Sunday, November 25, 2018

Predictably, Donald Trump was attacked both by the establishment and the media as “crude,” “unpresidential,” and “gratuitous” for a recent series of blunt and graphic statements on a variety of current policies. Oddly, the implied charge this time around was not that Trump makes up stuff, but that he said things that were factual but should not be spoken.

Analysis and Commentary

Did 1968 Win The Culture War?

by Victor Davis Hansonvia National Review
Thursday, November 22, 2018

The political and cultural agenda from that turbulent period has long been institutionalized.

Featured

The Mad, Mad Meditations Of Monsieur Macron

by Victor Davis Hansonvia National Review
Tuesday, November 20, 2018

Almost everything French president Emmanuel Macron has said recently on the topic of foreign affairs, the United States, and nationalism and patriotism is silly. He implicitly rebukes Donald Trump for praising the idea of nationalism as a creed in which citizens of sovereign nations expect their leaders to put the interests of their fellow citizens first and those of other nations second. And while critiquing nationalism, Macron nonetheless talks and acts as though he is an insecure French chauvinist of the first order.

Featured

The Progressive Synopticon

by Victor Davis Hansonvia American Greatness
Sunday, November 18, 2018

In the post-election aftermath, Republicans are wondering about how they can capture that missing 2-5 percent of the electorate that lost them the House of Representatives. Could they pry away 40 percent of the institutionalized Democratic Latino vote on delivery of a full-employment economy of rising wages? Can they win over 20 percent of the African-American electorate on the basis of more jobs and less competition from illegal immigrants?

Featured

Maybe We Could Use A Civic Hippocratic Oath

by Victor Davis Hansonvia American Greatness
Thursday, November 15, 2018

A mob of protesters associated with the radical left-wing group Antifa swarmed the private residence of Fox News host Tucker Carlson on the night of Nov. 7. They yelled, “Tucker Carlson, we will fight! We know where you sleep at night!” The mob’s apparent aim was to catch Carlson’s family inside and so terrify them that he might temper his conservative views. Only Carlson’s wife was home at the time. She locked herself in a pantry and called police.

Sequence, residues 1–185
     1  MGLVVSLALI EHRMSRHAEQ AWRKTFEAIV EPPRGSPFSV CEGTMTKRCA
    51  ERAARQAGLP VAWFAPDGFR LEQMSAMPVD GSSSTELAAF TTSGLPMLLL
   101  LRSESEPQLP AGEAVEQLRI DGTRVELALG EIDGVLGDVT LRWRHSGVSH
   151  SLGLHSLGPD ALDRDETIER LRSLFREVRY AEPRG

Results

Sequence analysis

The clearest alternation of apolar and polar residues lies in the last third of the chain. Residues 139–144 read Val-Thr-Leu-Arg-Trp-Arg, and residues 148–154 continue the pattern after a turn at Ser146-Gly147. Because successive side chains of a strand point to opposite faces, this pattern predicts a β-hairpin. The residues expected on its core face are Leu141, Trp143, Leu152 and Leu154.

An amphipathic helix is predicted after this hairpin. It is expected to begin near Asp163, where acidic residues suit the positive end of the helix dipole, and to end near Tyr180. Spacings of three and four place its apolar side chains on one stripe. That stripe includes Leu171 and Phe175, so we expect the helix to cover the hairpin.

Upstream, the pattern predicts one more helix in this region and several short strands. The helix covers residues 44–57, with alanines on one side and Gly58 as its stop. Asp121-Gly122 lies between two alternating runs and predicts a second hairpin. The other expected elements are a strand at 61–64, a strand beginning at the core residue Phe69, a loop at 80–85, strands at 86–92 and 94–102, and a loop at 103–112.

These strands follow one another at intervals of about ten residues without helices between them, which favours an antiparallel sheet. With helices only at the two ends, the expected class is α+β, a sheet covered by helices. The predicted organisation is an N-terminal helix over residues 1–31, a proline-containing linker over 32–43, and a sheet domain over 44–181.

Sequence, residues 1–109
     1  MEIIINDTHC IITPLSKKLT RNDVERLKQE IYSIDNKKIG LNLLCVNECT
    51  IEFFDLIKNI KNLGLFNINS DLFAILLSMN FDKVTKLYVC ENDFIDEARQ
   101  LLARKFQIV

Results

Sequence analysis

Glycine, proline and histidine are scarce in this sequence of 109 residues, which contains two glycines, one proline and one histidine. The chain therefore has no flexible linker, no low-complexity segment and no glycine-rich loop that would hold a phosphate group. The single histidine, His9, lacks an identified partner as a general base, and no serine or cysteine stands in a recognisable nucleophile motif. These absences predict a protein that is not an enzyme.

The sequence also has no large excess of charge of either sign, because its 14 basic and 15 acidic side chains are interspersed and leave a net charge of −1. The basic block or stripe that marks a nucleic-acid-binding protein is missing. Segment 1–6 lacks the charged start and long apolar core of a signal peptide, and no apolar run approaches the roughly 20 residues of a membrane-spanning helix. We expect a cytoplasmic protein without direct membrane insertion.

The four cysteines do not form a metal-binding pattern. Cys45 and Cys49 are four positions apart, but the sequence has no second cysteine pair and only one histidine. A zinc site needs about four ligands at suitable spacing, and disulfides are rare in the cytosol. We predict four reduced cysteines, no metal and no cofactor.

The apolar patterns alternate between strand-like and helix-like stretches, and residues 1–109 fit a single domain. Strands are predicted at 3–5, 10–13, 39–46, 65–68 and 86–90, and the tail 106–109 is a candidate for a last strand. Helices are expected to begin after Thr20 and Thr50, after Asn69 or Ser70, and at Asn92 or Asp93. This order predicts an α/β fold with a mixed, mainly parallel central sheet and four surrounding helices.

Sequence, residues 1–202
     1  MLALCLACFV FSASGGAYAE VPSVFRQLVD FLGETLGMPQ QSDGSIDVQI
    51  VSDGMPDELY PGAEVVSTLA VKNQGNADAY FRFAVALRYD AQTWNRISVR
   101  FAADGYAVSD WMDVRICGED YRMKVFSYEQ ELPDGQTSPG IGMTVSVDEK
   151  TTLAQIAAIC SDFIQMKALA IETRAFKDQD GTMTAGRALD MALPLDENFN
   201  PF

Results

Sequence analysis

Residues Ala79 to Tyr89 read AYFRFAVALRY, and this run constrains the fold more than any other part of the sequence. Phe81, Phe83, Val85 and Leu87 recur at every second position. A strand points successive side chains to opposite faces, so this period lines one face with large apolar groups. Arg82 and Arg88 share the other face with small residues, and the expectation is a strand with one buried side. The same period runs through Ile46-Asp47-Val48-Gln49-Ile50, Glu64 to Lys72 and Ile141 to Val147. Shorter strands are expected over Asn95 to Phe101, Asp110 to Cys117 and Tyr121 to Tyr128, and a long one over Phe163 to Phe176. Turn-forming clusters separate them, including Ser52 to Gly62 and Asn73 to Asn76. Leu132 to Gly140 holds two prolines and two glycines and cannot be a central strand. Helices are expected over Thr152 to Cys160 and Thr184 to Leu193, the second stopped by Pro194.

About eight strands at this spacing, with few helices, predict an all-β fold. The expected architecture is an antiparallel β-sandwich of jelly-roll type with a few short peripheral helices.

Featured

The Present American Revolution

by Victor Davis Hansonvia National Review
Tuesday, November 13, 2018

The revolution of 1776 sought to turn a colony of Great Britain into a new independent republic based on constitutionally protected freedom. It succeeded with the creation of the United States.

Featured

Progressive Politics Are Not Really Progressive

by Victor Davis Hansonvia American Greatness
Sunday, November 11, 2018

Some progressives lamented the apparent defeat of radical progressive African-American candidates such as gubernatorial nominees Stacey Abrams of Georgia and Florida’s Andrew Gillum by blaming allegedly treasonous white women. Apparently white women did not vote sufficiently en bloc in accordance with approved notions of identity politics tribalism.

Featured

The 11th Hour Of The 11th Day Of The 11th Month—100 Years Ago

by Victor Davis Hansonvia American Greatness
Thursday, November 8, 2018

The First World War ended 100 years ago this month on November 11, 1918, at 11 a.m. Nearly 20 million people had perished since the war began on July 28, 1914. In early 1918, it looked as if the Central Powers—Austria-Hungary, Germany, Bulgaria and the Ottoman Empire—would win.